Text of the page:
Pharmacist discusses anti-abortion issues, concerns
Woman advocates students follow beliefs

by Heather Murphy
Indiana Daily Student
March 28, 2001

About 15 people gathered in Ballantine Hall Monday to hear Karen Brauer speak on behalf of the anti-abortion movement. Brauer is president of Pharmacists for Life, an organization that believes life begins at conception and ends at natural death.

Brauer was fired from Kmart four years ago for refusing to dispense progestin-only birth control.

Progestin-only birth control prevents the implantation of a fertilized egg in the uterus, Brauer said. This class of drugs (as well as others, such as Previn -- known as the "morning after pill") is referred to by abortion opponents as an abortifacient.

"In the event that breakthrough ovulation does occur, abortifacient birth control prevents a fertilized egg from implanting in the uterus and it discards the egg from the body," said senior Sarah McHone, president of IU Students for Life. Students for Life sponsored Brauer's speech.

The nine men and six women present participated in a question and answer session with Brauer. Among their main concerns was the issue of informed consent.

Brauer said women are not given a fair explanation of how their birth control works, pointing out that the doctor and patient inserts in birth control kits contain two different sets of information.

"It's been a crime to think women shouldn't have to worry their pretty little heads about how their medicine works," she said.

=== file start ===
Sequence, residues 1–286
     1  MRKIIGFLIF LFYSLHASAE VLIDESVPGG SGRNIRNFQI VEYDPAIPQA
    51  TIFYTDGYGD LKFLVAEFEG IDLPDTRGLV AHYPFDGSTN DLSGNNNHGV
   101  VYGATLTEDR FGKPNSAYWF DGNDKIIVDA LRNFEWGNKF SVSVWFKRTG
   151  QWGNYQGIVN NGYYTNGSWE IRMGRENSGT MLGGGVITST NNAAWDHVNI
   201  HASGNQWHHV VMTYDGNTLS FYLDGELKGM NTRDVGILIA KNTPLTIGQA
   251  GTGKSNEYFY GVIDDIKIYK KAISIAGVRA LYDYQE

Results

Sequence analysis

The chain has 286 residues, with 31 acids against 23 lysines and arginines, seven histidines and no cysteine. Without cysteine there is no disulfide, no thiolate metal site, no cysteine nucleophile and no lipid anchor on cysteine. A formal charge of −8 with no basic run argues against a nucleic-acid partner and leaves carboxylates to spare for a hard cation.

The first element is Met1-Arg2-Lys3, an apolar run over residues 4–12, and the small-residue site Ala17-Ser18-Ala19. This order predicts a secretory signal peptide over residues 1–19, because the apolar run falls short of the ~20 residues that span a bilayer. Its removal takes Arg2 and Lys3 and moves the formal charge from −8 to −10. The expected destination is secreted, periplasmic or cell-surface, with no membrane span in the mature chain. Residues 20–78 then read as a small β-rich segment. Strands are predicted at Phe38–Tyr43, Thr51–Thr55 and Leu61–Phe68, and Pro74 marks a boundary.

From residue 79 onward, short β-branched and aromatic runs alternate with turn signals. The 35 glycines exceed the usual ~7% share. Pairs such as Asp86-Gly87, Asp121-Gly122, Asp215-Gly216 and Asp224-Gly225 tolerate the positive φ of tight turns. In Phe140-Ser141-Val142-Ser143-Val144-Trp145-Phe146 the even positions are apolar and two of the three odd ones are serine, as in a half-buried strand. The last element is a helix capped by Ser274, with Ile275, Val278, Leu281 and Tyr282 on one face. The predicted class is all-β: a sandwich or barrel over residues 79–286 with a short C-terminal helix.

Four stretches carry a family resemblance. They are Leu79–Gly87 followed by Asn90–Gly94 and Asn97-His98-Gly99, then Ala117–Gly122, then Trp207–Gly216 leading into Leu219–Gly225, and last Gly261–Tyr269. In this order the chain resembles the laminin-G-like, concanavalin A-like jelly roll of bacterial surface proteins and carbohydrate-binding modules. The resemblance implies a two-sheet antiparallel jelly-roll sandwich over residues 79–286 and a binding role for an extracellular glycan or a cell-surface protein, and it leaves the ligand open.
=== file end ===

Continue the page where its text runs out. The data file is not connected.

Brauer cited information from the doctor's insert, that hormonal birth control prevents ovulation only 50 percent of the time -- the other 45-50 percent, it prevents implantation. Brauer said that many doctors do not share this information with women, and that this is a violation of their right to informed consent.

"When a woman takes birth control," Brauer said, "she is profoundly affecting her entire body, treating something that really isn't wrong."

Because of these beliefs, Brauer said she was fired from her job as a pharmacist at Kmart in Hamilton, Ohio. Brauer maintains that in Ohio, a pharmacist has the right to refuse to dispense any drug for any reason because they are liable for their decisions. She said the pharmacy was refusing to sell diet pills at the time because of an abuse problem in the area, and no one had a problem with it.

Although Brauer said she was dismayed by the circumstances surrounding her dismissal, she said she believes she's in pharmacy for a reason -- to encourage people to stand up for what they believe.

Besides her anti-abortion message, she emphasized another point Monday -- if an employer ever asks you to do something that goes against your beliefs, you don't have to do it.

While the discussion sometimes took a philosophical turn, the issues were confined mainly to the political and the scientific.

Although many members, such as practicing Catholic Jim Poeppelman, a junior, said they have religious grounds for their beliefs, that is not their only motivation.

"The issue is not primarily religious," he said. "The Constitution gives the right to life, liberty and the pursuit of happiness."

"When we have uncertainty about when life begins," McHone said, "it is important that we give the benefit of the doubt to the fetus."